You know the cabinet thinks it has a public relations problem when it puts the bovver boy in the ring. Steven Joyce has that rare gift of seeming to smile while heaving an interviewer (or toughing it out in Parliament), topdressing flannel with “facts” the way a marketer does.
When Key gets in a jam, as over the mismanaged Henry inquiry, his body language shifts. He tries to sidestep — thus we have boat people coming, weapons of mass destruction and now Al Qaeda. He gives assurances that get falsified. Grant Robertson can then say he is slipping and sliding.
Usually, Key larks around in question time in Parliament, nyah-nyahing opponents: Greens are “fruit-loops” and “the devil-beast”. He is the shock-jock Prime Minister and out in the sticks that goes down a treat — though a National supporter a recent industry conference muttered to me about swear-words in his otherwise well-received off-the-cuff speech.
But when the serial whiplashes of Kim Dotcom, the Government Communications Security Bureau (GCSB) and the Henry inquiry kept catching him even when he skipped to the side, a harried grump banished his breezy humour.
Most people retreat when embarrassed. Key instead lashed out when his stagey tea with John Banks in the 2011 election campaign was recorded. The media were, he said, on a slippery slope to News of the World-type criminality. In April the media were “knuckleheads” over how GCSB boss Ian Fletcher got appointed.
Likewise, when the Dominion Post ran a leak of Rebecca Kitteridge’s report on the GCSB — a report due for full publication a few days later, so national security was not at issue — Key did not settle for some behind-scenes questions. He lashed out with a formal inquiry which, with help from his chief of staff (who speaks and acts with prime ministerial authority), went awry.
Result: two bodies on the floor, maybe more to come; the news media bristling about “privacy” (a bit preciously in the 2010s digital world of ubiquitous information, now widely used and misused by firms and states); constitutionalists agitating over ministerial intrusion on Parliament’s “sovereign” territory (though Parliament has the sovereign power to disclose information); yet another inquiry, by Parliament’s privileges committee, which has subpoena and penal powers; and more questions for Key.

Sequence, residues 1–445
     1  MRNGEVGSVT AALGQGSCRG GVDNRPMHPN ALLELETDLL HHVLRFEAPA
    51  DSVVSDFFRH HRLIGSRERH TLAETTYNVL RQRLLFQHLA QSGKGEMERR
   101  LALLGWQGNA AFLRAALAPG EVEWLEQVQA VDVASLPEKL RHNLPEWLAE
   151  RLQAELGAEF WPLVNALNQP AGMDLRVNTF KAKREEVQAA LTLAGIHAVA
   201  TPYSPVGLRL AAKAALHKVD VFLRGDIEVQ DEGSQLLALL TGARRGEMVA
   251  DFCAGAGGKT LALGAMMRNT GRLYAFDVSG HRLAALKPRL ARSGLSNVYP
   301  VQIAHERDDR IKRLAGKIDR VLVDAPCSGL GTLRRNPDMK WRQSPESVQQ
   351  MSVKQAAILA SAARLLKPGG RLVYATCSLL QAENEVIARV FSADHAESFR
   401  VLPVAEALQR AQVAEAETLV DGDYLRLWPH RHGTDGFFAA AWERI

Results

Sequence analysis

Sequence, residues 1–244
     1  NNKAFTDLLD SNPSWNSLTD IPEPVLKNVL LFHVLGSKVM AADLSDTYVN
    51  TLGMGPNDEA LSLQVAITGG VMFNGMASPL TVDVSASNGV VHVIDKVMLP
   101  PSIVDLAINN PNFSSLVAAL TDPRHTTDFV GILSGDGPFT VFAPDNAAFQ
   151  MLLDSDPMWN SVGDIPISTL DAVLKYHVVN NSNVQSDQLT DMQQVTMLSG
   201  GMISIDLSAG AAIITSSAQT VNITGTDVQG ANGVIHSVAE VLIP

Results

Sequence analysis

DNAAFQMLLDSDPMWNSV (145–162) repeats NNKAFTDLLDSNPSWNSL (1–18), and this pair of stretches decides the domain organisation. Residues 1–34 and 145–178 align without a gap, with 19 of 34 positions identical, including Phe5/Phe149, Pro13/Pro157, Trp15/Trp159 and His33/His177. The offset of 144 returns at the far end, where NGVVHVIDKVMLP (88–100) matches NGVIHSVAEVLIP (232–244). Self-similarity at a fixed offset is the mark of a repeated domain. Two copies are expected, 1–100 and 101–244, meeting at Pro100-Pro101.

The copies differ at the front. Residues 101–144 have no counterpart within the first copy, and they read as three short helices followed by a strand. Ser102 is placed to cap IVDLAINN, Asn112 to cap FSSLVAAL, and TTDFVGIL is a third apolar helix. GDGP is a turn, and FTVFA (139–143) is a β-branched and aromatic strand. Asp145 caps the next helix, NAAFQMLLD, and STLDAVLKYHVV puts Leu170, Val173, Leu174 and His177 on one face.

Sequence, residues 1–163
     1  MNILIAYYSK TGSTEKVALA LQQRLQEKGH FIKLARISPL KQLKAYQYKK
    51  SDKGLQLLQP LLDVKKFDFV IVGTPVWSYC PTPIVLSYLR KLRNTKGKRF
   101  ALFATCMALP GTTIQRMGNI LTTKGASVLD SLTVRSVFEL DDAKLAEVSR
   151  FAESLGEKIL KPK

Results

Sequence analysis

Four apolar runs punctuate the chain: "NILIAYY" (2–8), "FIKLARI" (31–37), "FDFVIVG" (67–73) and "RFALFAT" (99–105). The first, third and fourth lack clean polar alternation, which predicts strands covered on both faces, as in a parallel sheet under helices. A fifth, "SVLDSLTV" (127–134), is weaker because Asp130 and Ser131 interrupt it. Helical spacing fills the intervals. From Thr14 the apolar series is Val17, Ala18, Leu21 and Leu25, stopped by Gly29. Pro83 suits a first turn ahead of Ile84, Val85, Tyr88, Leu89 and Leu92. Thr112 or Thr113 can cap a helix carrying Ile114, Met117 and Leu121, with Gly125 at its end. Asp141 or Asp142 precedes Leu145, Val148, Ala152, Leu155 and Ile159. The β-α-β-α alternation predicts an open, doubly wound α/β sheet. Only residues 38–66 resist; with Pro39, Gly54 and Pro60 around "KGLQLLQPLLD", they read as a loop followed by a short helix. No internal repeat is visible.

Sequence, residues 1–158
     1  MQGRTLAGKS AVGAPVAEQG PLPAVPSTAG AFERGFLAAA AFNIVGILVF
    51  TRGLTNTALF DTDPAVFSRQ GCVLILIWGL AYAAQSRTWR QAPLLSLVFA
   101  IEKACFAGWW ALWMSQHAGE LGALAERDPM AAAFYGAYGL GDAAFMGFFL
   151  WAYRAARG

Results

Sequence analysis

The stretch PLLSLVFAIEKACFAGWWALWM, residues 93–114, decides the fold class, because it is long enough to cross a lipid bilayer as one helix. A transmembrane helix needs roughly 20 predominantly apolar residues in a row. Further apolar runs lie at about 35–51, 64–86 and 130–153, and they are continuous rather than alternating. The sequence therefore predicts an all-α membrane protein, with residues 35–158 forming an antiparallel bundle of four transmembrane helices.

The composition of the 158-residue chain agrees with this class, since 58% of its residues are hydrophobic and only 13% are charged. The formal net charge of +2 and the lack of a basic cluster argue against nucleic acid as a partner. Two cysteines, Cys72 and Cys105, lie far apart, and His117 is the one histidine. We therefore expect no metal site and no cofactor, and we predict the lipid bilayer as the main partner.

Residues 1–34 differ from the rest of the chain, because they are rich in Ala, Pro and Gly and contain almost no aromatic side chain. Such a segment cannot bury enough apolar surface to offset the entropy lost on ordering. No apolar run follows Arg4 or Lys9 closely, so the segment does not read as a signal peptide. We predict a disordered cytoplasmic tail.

A question still hanging (at the time of writing): by which conduit did Winston Peters get wind of the Peter Dunne focus back in May?
Key proved the old adage: don’t order an inquiry without a good idea of the sort of answer it will give.
Last week’s twist in the Henry inquiry sideshow blanked out one of Key’s more important announcements: connecting up schools to enable the sort of digital learning assistance that has transformed low-decile schools in Auckland’s eastern suburbs.
Hekia Parata and Nikki Kaye will take that to National’s conference this coming weekend and will get due praise. And Key will be lionised there for the party’s high poll ratings.
When not embarrassed, Key is engaging and likeable and adept at catching the mood of those he is speaking to or mingling with, whether an interest group or gathering at home or a foreign leader or official: those on his trade mission to China were much impressed. At his best, which is most of the time, Key is a uniting Prime Minister and though he is falling out of favour with some voters, he is in no danger (yet) of succumbing to David Shearer.
It is that easy amiability — the flipside of what often seems a lack of attention to detail — that enabled him and canny (and unifying) Len Brown to sort the Auckland transport standoff. It has kept onside the Maori party, increasingly in opposition to government initiatives and bills. It is why Key has pole position if the 2014 election leaves National and Labour-Greens each short of a majority.
That question will be at the back of delegates’ minds as they sit in respectful darkness listening to ministers this weekend. With whom and how will National put together a working majority after the next election?
One question has been answered, at least as ACT sees it. At a breakfast with ACT supporters on Friday, Key assured them (so they say) National will back ACT in Epsom. (Will he do the same for Dunne now that Dunne has bent his liberal principles to give the GCSB bill a one-vote majority?)
Even so, Key still may need Peters and/or Colin Craig or someone new. The Key-Peters dance over the next 15 months will be great viewing.
But that would hobble the cabinet’s vigorous reform programme. Hence the urgency this term. And hence the importance to the party of the man who in 2002 could not lead it effectively.
Bill English can mix it. As a young flanker he was fearless. But (the odd mistake aside) his value to the cabinet — and why he is admired in Australia and even in Hong Kong — is his strategic urge. Without its geek, the government would be adrift.
As some at this weekend’s conference well understand.